Gold Star Dad

The thoughts of a father who has lost a son to war

Archive for December, 2012

I found some of my old posts an thought I share them.

Posted by fozzynok on 12/18/2012

These are a few posts from a trucking website that I used to frequent. These posts are fresh from when my son had just been KIA and not much was known and he wasn’t even home to us yet. We (well Ianyway) sometimes feel the need to return to those days. I cannot even explan the why I do or if others do as well. I feel sometimes trapped and sentenced by fate to live in those days forever. I have rewriteen these things a few times and they are probably more accurate in those posts but the raw nature of these tend to really make me think about how I have come forward and have changed and gotten on

Thank you all for the message of support for myself and family. I am going to try and update you all what has been happening for us in the last few days and the next days to come.

I got the call at work that there were defense department people at my home. I hurried home, knowing full well what I thought was going to happen. Sure enough, they were there and they gave us the worst possible news for a military or ANY family. My son had been killed that morning in combat in Iraq. The two men who were there were the utmost in professionalism and handled a job that no one in his right mind would want to do as calmly and helpfully as anyone could have. I signed the forms that they needed and then asked if they knew the details, they knew the basics, but could say nothing if anyone else was lost with my son. I was horrified at this thought. For my son there was a story, for the members of his team that Angie and I know, they could say nothing! I was so worried for his team. As soon as the officers left and we collected ourselves and thoughts I headed to the computer to try and get in touch with his team members.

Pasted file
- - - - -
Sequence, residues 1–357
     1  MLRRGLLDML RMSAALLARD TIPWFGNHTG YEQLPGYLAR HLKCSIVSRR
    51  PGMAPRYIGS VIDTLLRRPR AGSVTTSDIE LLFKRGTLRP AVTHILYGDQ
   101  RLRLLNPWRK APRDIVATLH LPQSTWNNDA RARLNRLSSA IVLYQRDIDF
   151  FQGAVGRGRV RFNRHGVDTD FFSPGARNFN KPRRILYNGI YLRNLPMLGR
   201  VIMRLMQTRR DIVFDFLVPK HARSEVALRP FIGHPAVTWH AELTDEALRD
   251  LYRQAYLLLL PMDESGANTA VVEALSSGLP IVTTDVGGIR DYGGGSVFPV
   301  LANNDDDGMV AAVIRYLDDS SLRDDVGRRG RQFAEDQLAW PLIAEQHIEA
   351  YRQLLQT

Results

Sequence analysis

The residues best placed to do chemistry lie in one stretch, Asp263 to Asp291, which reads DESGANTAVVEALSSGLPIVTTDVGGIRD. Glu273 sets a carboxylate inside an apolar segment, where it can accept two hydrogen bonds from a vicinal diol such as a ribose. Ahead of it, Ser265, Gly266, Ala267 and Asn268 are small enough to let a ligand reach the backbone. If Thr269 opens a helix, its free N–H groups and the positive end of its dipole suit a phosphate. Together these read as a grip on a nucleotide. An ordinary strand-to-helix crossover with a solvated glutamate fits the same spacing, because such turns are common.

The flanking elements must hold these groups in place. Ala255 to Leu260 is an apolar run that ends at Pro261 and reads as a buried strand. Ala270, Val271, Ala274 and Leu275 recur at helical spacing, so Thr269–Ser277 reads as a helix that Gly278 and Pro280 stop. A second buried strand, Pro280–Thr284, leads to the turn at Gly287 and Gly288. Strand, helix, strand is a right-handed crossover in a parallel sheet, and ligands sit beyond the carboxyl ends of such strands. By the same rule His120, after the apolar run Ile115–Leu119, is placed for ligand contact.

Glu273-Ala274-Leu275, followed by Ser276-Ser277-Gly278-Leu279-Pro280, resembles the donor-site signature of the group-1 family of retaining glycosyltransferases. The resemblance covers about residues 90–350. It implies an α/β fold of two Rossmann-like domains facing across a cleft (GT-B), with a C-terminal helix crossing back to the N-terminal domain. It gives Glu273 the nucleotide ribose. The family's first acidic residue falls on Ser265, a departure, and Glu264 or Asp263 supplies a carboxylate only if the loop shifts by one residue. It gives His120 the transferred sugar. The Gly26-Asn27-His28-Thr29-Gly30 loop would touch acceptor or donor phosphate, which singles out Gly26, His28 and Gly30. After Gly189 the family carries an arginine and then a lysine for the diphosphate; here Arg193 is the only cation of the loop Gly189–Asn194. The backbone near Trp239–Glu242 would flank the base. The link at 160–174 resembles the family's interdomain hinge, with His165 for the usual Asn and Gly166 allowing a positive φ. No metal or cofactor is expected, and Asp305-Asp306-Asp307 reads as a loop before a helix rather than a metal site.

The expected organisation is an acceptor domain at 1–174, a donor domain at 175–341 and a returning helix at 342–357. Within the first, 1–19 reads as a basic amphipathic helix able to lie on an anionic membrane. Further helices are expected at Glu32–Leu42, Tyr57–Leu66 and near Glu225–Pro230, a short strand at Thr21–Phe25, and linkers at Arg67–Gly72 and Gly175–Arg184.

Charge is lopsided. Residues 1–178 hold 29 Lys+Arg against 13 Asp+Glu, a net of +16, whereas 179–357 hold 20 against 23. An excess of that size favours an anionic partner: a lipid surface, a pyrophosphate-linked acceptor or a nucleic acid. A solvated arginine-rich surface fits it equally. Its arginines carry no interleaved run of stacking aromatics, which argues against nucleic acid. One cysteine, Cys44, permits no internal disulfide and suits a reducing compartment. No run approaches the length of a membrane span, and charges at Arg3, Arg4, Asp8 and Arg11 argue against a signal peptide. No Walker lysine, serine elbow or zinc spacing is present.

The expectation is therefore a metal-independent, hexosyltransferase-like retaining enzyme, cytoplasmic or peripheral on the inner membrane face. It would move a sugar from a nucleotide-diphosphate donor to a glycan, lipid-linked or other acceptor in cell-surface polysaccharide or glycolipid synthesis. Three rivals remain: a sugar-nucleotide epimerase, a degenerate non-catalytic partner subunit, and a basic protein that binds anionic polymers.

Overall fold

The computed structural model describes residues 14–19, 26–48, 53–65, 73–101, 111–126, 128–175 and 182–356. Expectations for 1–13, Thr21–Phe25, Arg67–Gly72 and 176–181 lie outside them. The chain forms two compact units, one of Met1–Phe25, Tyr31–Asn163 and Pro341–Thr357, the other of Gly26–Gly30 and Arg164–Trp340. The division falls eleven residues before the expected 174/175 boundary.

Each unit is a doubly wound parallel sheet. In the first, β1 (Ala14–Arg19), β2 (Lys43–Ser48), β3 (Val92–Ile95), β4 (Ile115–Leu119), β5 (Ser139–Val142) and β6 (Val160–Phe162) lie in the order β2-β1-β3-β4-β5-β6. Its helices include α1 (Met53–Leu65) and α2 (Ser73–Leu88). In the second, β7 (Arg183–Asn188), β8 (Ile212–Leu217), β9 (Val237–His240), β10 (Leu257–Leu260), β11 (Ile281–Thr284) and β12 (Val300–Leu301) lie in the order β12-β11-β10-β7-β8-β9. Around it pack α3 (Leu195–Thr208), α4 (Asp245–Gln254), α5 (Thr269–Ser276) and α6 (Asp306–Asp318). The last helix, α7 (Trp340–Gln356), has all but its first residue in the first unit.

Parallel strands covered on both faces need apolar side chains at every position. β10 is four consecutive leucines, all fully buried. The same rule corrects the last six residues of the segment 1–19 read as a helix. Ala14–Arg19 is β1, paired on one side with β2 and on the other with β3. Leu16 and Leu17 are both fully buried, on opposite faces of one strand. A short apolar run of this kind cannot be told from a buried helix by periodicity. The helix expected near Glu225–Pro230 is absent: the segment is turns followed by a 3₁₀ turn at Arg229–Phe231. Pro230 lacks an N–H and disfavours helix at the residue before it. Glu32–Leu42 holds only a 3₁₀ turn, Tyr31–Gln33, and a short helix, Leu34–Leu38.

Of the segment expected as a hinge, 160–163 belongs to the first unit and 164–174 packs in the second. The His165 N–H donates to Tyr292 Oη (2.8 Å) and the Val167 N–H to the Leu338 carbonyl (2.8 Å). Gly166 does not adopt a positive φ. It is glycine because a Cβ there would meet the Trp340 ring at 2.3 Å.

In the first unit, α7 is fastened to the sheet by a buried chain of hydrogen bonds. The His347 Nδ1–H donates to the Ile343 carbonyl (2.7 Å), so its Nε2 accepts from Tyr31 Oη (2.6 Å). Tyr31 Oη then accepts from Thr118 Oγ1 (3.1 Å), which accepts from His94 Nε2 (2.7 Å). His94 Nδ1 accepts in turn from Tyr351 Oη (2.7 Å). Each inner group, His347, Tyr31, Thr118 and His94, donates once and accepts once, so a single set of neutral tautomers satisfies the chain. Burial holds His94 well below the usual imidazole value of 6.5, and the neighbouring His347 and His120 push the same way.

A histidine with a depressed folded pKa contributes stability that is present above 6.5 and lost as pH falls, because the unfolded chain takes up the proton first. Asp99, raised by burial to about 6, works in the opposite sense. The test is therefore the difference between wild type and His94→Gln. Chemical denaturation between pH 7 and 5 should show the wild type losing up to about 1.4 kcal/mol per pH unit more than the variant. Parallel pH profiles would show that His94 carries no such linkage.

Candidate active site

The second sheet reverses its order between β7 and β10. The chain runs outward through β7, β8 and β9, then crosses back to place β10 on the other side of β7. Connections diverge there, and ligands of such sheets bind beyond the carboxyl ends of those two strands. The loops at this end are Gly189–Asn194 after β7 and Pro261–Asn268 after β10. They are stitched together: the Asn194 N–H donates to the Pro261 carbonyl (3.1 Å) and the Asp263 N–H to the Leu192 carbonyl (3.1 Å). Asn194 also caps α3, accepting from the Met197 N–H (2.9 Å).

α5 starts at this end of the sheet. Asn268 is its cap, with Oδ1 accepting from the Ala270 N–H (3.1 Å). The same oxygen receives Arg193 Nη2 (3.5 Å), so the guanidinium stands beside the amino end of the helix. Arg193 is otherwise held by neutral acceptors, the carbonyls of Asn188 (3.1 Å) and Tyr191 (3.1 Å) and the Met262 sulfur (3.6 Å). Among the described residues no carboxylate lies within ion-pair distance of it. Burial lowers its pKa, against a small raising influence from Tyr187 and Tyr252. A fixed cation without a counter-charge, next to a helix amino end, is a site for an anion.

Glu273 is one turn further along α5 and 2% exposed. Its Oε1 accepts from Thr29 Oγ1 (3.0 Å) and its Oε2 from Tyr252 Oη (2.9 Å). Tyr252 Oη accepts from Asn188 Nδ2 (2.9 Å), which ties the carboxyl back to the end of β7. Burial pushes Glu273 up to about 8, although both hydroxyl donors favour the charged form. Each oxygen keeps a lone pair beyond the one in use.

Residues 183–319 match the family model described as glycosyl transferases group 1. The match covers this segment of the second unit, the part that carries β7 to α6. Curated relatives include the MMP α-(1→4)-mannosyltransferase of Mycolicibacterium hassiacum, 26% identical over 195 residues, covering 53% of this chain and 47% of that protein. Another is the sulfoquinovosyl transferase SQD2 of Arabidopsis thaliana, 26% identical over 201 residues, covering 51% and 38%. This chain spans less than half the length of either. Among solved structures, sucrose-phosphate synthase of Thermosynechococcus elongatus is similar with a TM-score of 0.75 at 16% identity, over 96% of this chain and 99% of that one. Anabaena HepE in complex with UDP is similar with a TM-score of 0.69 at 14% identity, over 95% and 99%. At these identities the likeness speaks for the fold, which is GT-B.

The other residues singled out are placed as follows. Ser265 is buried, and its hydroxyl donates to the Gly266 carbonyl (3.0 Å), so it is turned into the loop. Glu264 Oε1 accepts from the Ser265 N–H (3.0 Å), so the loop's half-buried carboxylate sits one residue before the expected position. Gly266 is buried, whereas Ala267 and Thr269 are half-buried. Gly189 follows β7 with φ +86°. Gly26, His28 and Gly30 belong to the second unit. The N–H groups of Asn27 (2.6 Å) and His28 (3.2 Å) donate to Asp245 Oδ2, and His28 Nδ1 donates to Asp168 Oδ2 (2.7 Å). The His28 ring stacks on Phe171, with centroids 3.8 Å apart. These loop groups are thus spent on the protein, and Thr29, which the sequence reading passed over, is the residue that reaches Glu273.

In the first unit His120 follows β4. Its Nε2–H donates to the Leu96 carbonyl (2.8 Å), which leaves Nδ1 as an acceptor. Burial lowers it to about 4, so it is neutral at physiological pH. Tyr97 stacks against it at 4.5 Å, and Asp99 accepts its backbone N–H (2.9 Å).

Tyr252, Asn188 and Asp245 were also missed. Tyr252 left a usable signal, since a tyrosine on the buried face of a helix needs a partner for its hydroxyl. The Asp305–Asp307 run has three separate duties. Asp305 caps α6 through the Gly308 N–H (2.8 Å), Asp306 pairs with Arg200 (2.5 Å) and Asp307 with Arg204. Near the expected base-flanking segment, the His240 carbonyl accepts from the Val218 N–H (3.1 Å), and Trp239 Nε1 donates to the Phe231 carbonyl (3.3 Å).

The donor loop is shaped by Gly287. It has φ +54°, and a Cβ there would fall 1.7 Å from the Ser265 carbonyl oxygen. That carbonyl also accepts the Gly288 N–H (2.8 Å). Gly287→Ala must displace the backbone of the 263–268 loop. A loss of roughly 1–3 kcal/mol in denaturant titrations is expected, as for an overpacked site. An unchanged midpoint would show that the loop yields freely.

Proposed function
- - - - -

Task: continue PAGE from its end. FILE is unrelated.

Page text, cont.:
The first guy to reply back was my son’s medic, he was not on the patrol, but knew the story and was so helpful to me at the moment he needed to be. No one else was hurt with the exception of scratches and such. My son had taken the full blast of the weapon. I have told people and heard this from his team that Micheal was the type of man that would have engineered this that way had he had the choice. He of course didn’t. He was just in the wrong seat at the wrong time. Driving is what he loved to do and that is where he died. The other members began to chime in and all were OK physically. The loss of my son was a huge blow to the group. There comments and letters have helped me in this dark time! My son from several people’s point of view was that of the utmost professional soldier and as the guy who could say the funniest thing at the most perfect time to light up the room and to make the guys laugh.

We soon started getting visits from people… teachers, friends and teenagers from all over the area started to appear from everywhere. Some of the most memorable was the assistant vice principal who showed up with a well preserved letter from my son, who wrote him from Ft. Benning. He could not read the letter, he could just hand it to me to read, and the poor man was just too emotional to speak much. I read the letter and it is obvious that Micheal was on the right track, he visited this teacher on almost every leave he got, talked to his students and generally impressed the hell out of him. He handled the press for us all the next day. They of course still got most of everything wrong. I emailed and got the news reports corrected.